AP Television News footage showed several ambulances destroyed and on fire, thick black smoke rising from them as firefighters worked to put out the flames.
The strike, made from a ground launcher, took out a militant "command-control center," the U.S. military said. The center was located in the heart of the eight-square-mile neighborhood that is home to about 2.5 million people. Iraqi officials said at least 23 people were wounded, though none of them were patients in the hospital.
The U.S. military blamed the militants for using Iraqi civilians as human shields.
"This is a circumstance where these criminal groups are operating directly out of civilian neighborhoods," military spokeswoman Spc. Megan Burmeister told The Associated Press in an e-mail.
She said it presents a "complex and very difficult" challenge for U.S. forces to strike the militants when they are "putting themselves next to municipal buildings."
Dr. Ali Bustan al-Fartusee, director general of Baghdad's health directorate, told the AP that 23 civilians were wounded in the strike.
He said no patients in the hospital were hurt, but that some of the wounded included civilians outside on their way to visit patients in the hospital. He also said 17 ambulances were damaged or destroyed.
AP Television News footage showed about 100 people milling about in the rubble of the destroyed building. A deep crater was seen just yards from the hospital, which is surrounded by 15-foot-tall concrete blast walls. It appeared that one section of the blast wall was leveled.
Windows were blown out of cars in the hospital's parking lot, but there did not appear to be any damage to the hospital itself.
Shiite extremists are known to have operated in a building next to the hospital, local reporters said.
U.S. and Iraqi forces have waged street battles with Shiite militias since late March in Sadr City, the power base of radical Shiite cleric Muqtada al-Sadr and his Mahdi Army militia.
The fighting is part of a 5-week-old crackdown by the Iraqi government and U.S. forces on Shiite militia factions. The clashes have brought deep rifts among Iraq's Shiite majority and have pulled U.S. troops into difficult urban combat.
Militia members have been blamed for firing hundreds of rockets or mortars from Sadr City into the Green Zone, the U.S.-protected area housing the American embassy and much of the Iraqi government. In the past month, more than a dozen people - including two American civilians and soldiers - have been killed inside the zone during the attacks.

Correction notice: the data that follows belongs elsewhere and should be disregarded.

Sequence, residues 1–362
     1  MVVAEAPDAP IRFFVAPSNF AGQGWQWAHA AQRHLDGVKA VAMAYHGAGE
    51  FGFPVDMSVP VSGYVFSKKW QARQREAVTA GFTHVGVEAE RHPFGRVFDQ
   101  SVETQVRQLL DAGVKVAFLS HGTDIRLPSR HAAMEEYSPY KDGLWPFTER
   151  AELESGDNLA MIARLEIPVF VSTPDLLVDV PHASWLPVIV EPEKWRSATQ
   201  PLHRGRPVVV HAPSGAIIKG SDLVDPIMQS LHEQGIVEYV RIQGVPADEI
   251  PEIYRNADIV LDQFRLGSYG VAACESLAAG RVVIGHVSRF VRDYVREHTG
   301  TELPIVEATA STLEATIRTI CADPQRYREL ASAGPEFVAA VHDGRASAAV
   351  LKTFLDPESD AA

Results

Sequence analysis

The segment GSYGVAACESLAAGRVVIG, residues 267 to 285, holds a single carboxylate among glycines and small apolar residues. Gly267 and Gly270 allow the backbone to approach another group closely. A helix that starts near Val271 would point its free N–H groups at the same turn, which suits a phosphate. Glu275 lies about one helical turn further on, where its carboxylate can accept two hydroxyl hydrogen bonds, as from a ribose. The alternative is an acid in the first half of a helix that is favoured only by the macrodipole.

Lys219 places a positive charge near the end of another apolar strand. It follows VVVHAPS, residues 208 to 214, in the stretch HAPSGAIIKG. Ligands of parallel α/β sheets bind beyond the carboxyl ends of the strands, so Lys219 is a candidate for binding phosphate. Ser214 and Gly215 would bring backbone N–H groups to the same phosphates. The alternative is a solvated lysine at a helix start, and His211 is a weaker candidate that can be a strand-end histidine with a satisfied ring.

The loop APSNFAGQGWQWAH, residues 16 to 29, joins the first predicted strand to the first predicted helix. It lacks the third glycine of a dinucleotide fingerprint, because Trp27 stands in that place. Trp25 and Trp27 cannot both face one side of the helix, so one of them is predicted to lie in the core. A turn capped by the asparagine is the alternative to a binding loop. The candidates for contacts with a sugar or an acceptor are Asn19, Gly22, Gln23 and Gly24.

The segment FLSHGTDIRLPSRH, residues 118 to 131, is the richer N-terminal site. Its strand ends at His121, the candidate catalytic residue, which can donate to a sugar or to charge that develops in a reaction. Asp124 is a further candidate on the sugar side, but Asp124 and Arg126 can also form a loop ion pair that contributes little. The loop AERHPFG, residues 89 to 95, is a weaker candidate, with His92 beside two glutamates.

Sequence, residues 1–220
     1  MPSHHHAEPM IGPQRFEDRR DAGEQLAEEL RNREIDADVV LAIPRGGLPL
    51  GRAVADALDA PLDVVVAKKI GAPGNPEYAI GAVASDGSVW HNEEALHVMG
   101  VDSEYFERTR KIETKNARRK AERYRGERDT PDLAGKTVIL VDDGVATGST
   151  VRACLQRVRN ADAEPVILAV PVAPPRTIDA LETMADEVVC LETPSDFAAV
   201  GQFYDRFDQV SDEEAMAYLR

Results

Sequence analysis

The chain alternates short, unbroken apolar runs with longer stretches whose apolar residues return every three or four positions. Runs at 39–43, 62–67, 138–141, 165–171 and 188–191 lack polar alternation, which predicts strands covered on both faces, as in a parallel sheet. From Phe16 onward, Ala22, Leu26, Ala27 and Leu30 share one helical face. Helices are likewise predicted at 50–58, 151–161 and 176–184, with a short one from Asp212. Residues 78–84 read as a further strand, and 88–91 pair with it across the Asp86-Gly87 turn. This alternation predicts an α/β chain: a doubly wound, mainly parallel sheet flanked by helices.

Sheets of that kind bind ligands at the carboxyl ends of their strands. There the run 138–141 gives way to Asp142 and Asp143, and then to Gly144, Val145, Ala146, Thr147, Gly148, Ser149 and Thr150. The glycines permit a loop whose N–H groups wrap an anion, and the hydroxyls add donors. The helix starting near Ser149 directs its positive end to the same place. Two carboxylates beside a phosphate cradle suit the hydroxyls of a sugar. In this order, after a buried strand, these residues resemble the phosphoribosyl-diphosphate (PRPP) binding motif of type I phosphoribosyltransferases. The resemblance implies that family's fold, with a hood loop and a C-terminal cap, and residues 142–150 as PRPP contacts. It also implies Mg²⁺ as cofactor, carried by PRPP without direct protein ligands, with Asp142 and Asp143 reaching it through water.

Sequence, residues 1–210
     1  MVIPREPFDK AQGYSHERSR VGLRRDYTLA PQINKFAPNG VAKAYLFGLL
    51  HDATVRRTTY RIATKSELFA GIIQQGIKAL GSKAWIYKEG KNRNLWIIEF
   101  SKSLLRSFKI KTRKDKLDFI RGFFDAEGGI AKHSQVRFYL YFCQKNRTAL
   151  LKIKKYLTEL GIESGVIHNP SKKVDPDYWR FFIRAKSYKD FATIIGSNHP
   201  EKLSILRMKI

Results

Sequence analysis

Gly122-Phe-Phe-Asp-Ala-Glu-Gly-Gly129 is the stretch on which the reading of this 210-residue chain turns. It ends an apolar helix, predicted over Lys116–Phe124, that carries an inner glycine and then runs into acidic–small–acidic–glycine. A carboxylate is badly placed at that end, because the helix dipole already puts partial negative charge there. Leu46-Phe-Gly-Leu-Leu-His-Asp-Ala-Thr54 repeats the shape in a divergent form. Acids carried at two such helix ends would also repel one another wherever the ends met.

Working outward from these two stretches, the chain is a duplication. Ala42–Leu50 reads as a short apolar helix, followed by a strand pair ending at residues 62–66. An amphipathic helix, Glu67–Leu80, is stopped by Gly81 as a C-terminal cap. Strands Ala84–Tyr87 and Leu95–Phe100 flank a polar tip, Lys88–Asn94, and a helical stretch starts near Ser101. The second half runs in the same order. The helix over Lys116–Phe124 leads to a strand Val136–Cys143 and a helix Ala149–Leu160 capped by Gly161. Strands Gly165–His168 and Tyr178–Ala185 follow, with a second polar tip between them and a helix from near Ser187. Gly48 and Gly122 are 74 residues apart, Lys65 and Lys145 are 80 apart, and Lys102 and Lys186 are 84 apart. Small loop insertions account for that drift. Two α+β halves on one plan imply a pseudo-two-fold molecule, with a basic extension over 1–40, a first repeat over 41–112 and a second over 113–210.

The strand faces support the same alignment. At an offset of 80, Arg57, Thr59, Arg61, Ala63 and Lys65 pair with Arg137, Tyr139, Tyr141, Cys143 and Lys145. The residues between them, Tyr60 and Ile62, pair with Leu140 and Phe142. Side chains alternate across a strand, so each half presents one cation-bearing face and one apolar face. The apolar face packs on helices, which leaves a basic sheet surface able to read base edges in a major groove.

In response to the shelling, American and Iraqi troops in recent weeks have moved into Sadr City, hoping to push the militants far enough from the Green Zone so their rockets and mortars would be out of range.
Iraq's Prime Minister Nouri al-Maliki, a Shiite, shows no indication of easing the pressure on militia groups, including the powerful Mahdi Army led by al-Sadr. Al-Maliki has been seeking to increase leverage on Iran, which is accused of training and arming some Shiite militia groups. Iran denies the claims.
A five-member Iraqi delegation returned from Tehran Saturday from a meeting aimed at halting suspected Iranian aid to militiamen.
Ranking deputy Khalid al-Atiyah said the Iranian government had expressed its readiness to assist the Iraqi government" against the extremists and "in its security measures." He did not elaborate.
During clashes over the past two days in Sadr City, at least 100 people have been killed, Iraqi health officials said.
Also Saturday, the Turkish military claimed air strikes it carried out earlier this week in northern Iraq killed more than 150 Kurdish rebels. The military said it successfully hit all its targets in a three-hour air operation on Mount Qandil early Friday.
The leadership of the Kurdish rebel group is believed to be hiding in the Qandil region - about 60 miles from the Turkish border.
In northern Iraq, Ahmed Danaf, the head of external relations for Kurdish group, claimed in a phone call that the raid killed six members of the Free Life Party, the anti-Iran Kurdish group PEJAK.
The U.S. military also said Saturday that a U.S. soldier died of wounds suffered in a roadside bomb that struck the soldier's vehicle during a combat patrol in eastern Baghdad the day before.
Georgian Defense Ministry spokesman Giga Tatishvili said two servicemen from the ex-Soviet republic were killed and one wounded south of Baghdad on Friday when a parked car bomb exploded. The deaths were the first combat fatalities the nation's military has suffered in Iraq, where it has had a presence since August 2003.